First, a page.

Children’s Psychiatric Unit Opening Marks Milestone at UAMS

By Nate Hinkel

With the move of the Department of Pediatrics to Arkansas Children’s Hospital in 1980, UAMS has focused primarily on the treatment of patients 18 and older. However, the need for a facility to deal with the mental health issues of children has become increasingly apparent over the years. The opportunity to aid children dealing with a variety of illnesses, from post-traumatic stress to anxiety and mood disorders, came about with the opening of the Psychiatric Research Institute in December.

The Psychiatric Research Institute has 40 beds dedicated to patients requiring hospitalization due to some form of mental illness. The children’s unit, located on the fifth floor, has 10 individual rooms, some of which have an extra bed that will allow a parent to remain with their child overnight.

The children’s inpatient unit will treat children ages 2 to 12 and represents a new approach to treating children with mental illness. The unit will take a multidisciplinary approach, relying on specialists in psychiatry, psychology, nursing, social work and education as well as speech, language and occupational therapy.

“We designed the unit to be child friendly, from the day room, which has toys, board games and a big-screen TV, to the small and colorful furniture in the activity room,” said Molly Gathright, M.D., the attending physician for the unit. “Parents and siblings will be encouraged to visit their loved ones, and the staff will collaborate with the parents or guardians to make sure the children receive the treatment they need.”

Gathright and the unit’s staff will use a unique approach involving collaborative problem solving, working with the children to identify their individual needs based on how they interact with others. Once the patient is discharged, the institute staff will continue to follow the child to integrate the treatment plan with community-based caregivers.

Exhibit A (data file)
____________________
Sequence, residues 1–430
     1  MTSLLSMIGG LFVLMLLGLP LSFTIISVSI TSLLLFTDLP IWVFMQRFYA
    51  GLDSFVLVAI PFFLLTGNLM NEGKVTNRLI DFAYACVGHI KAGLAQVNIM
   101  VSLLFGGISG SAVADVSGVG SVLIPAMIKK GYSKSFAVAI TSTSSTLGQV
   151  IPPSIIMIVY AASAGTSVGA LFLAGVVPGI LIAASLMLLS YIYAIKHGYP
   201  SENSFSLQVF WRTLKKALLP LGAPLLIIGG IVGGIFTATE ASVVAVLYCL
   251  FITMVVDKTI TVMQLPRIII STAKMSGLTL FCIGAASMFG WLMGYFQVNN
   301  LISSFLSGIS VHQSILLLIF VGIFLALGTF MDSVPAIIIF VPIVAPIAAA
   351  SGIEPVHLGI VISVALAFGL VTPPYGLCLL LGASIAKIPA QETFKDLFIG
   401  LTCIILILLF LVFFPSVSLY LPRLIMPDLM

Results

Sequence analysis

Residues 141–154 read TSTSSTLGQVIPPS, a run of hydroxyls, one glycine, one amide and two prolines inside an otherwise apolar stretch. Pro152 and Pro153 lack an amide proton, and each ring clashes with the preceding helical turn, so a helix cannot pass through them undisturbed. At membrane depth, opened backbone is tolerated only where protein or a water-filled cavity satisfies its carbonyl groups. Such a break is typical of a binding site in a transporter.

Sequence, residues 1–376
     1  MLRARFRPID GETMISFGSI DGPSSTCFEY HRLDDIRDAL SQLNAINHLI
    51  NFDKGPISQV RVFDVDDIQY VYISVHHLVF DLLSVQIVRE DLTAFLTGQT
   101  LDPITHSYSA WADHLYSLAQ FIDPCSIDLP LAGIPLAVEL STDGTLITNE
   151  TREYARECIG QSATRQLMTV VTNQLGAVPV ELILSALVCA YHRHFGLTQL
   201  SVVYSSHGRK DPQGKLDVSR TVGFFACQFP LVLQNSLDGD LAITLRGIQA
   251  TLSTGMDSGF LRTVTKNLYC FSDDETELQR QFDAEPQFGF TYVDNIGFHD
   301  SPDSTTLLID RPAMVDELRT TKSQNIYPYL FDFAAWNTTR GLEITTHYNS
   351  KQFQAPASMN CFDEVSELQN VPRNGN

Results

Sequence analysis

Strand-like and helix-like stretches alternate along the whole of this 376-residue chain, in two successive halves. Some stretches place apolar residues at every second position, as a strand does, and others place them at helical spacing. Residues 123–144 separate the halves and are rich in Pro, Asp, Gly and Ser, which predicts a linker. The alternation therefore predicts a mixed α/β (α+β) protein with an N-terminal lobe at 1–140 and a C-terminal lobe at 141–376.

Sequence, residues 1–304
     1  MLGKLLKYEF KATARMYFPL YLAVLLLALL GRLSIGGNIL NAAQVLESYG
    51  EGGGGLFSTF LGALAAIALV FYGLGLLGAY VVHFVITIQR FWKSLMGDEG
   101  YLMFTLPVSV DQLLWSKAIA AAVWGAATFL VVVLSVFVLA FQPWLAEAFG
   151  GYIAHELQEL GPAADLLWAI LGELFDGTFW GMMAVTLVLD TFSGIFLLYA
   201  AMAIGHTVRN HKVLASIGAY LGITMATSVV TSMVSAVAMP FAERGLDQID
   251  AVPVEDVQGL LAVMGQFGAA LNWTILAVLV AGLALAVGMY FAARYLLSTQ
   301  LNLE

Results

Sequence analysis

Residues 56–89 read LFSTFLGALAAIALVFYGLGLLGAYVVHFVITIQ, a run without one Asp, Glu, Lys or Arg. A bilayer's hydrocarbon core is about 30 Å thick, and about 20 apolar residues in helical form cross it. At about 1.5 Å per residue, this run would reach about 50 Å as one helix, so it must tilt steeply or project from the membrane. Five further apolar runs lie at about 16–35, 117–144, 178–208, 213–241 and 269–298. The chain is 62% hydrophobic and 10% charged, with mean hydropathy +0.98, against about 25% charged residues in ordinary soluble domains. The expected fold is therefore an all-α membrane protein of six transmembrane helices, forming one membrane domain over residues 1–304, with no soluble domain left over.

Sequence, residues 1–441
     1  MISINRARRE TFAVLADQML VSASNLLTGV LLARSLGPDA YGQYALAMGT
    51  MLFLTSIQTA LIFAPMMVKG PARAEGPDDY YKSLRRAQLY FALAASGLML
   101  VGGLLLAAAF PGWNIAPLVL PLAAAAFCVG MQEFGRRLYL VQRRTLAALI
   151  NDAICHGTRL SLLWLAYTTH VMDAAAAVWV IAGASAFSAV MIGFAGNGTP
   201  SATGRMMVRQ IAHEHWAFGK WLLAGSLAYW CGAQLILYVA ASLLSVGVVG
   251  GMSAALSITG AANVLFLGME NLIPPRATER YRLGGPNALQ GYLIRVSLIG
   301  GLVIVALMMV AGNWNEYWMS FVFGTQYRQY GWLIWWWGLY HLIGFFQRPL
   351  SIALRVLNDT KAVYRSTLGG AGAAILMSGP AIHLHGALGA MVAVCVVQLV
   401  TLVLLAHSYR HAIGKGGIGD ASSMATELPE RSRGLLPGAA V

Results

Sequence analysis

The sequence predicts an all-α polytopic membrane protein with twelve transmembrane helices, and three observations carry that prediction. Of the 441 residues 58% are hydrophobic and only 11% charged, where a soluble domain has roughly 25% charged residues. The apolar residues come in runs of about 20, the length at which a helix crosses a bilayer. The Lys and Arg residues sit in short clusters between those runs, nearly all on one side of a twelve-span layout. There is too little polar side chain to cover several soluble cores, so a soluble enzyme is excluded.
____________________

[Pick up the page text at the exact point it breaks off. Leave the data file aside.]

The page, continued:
“Our basic premise is that kids will do well if they can, which is opposed to the school of thought that kids will do well if they want to,” Gathright said. “It becomes our job to help them do well.”

Many of the children in the inpatient unit will be dealing with complex mental issues, said G. Richard Smith, M.D., director of the Psychiatric Research Institute and chairman of the UAMS Department of Psychiatry.

“They have bounced from foster home to foster home, from residential setting to residential setting, with many of their illnesses not properly understood,” Smith said. “We want to help get them on the right track through early intervention.”

UAMS provided psychiatric treatment to children on an outpatient basis into the 1990s.

UAMS is the state’s only comprehensive academic health center, with five colleges, a graduate school, a new 540,000-square-foot hospital, six centers of excellence and a statewide network of regional centers. UAMS has 2,652 students and 733 medical residents. Its centers of excellence include the Winthrop P. Rockefeller Cancer Institute, the Jackson T. Stephens Spine & Neurosciences Institute, the Myeloma Institute for Research and Therapy, the Harvey & Bernice Jones Eye Institute, the Psychiatric Research Institute and the Donald W. Reynolds Institute on Aging. It is the state’s largest public employer with more than 10,000 employees, including nearly 1,150 physicians who provide medical care to patients at UAMS, Arkansas Children’s Hospital, the VA Medical Center and UAMS’ Area Health Education Centers throughout the state. Visit or